Technical Bulletin

The use of computers for predicting the structures and properties of biomolecules has closely paralleled computer development since the 1950s, and has been one of the core areas of theoretical or computational chemistry for the past 30 years. Initially, the focus was on force-field-based methodologies for studying the structures, dynamics, and interactions of biomolecules as such, and the development of accurate models for the main biological solvent, water. With the emergence of accurate quantum chemical techniques suitable for studying (from a quantum chemistry perspective) large systems, density functional theory entered the stage in the 1990s as the key approach for investigating enzymatic mechanisms or properties and reactions of small, but biologically relevant, molecules. The combined use of these tools, so-called QM/MM and lately QM/MM-MD techniques enables precise descriptions of biological phenomena and reactions.

With the exponential increase in data to be analyzed, obtained through the introduction of automated whole-genome and protein sequencing techniques, the field of bioinformatics rapidly emerged in the early 2000s from the pioneering laborious mapping and comparison of protein and gene sequences in molecular biology, via an intense phase, which to a large extent can be viewed as ‘database mining’ and the development of efficient computer-based algorithms, into a science of its own, which today has reached a high level of maturity and sophistication. Tools in bioinformatics are nowadays used with great success in structural biology, computational chemistry, genetics, molecular biology, the pharmaceutical industry, pharmacology, and more. The technical bulletin of bioinformatics and computer science included herein focus on protein structure determination (often referred to as homology modelling), and the tools of database screening and prediction used in drug design.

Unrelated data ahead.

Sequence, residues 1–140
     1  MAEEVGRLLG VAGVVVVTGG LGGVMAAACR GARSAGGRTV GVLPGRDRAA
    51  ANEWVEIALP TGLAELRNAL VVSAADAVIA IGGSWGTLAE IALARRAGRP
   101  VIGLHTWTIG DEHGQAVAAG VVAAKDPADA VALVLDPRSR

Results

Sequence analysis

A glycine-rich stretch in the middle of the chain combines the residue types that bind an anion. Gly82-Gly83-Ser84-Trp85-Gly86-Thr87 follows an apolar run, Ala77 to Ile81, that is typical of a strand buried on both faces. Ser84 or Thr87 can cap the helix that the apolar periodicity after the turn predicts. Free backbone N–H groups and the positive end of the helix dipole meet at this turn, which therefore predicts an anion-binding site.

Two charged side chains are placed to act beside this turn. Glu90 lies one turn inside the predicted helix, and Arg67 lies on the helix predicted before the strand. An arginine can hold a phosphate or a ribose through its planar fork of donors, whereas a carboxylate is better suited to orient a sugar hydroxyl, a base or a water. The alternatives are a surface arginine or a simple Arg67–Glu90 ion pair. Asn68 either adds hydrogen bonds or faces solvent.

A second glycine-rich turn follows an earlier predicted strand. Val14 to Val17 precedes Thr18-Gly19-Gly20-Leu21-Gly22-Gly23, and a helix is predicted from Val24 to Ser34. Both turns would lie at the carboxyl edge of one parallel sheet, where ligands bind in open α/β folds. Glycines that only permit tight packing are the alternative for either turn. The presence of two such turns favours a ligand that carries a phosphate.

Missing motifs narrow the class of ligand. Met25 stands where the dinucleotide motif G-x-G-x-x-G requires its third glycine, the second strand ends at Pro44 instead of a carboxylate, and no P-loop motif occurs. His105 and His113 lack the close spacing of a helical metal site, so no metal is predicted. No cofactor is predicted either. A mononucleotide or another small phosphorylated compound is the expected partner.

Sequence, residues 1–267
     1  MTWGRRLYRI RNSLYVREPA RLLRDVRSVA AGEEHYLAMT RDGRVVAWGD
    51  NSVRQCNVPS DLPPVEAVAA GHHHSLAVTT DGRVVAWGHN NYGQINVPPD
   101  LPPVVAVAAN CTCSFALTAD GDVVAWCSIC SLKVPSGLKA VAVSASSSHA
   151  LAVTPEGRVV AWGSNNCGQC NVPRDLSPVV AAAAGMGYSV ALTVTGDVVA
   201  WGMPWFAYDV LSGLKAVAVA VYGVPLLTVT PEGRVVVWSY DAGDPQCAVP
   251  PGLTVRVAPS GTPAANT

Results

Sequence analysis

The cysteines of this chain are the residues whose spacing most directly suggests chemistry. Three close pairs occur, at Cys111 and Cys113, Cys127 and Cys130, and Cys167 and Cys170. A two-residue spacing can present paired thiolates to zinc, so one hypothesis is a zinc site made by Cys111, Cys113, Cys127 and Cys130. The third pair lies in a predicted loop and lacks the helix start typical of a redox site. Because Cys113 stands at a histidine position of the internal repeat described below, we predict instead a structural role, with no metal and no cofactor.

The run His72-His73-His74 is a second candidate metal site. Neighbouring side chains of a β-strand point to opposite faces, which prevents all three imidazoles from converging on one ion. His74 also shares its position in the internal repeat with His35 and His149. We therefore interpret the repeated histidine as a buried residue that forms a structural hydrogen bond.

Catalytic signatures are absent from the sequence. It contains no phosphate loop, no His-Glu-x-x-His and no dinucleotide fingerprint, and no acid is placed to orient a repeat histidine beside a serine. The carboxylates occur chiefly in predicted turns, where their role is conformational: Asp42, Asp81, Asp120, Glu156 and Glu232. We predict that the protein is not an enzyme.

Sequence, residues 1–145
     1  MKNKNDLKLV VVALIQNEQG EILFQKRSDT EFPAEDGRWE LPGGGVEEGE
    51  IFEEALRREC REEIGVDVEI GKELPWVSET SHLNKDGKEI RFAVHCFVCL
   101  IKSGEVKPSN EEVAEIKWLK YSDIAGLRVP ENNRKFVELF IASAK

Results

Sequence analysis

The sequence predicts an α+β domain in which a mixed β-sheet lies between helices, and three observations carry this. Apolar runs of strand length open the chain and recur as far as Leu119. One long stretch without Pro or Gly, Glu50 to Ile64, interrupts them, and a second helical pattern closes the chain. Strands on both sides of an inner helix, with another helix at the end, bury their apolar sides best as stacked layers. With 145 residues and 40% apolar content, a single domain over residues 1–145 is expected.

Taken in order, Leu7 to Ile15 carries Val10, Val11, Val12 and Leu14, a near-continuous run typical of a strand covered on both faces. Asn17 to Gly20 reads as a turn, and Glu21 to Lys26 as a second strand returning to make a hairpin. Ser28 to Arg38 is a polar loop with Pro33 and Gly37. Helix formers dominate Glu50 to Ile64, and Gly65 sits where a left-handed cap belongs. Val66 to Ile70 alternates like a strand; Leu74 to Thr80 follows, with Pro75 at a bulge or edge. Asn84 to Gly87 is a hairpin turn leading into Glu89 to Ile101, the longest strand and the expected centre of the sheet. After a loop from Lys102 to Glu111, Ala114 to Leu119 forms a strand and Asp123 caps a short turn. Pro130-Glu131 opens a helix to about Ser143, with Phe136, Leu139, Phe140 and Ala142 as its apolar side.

Here, a brief outline of simulation techniques are given, focusing on the interface between biology and medicinal chemistry; that is molecular mechanics/molecular dynamics to explore the evolution of a system, homology modelling to determine protein structures, and the use of bioinformatics tools such as molecular docking and pharmacophores in drug design. The aim is to provide a brief introduction to a vast and rapidly growing field.

* For Research Use Only.




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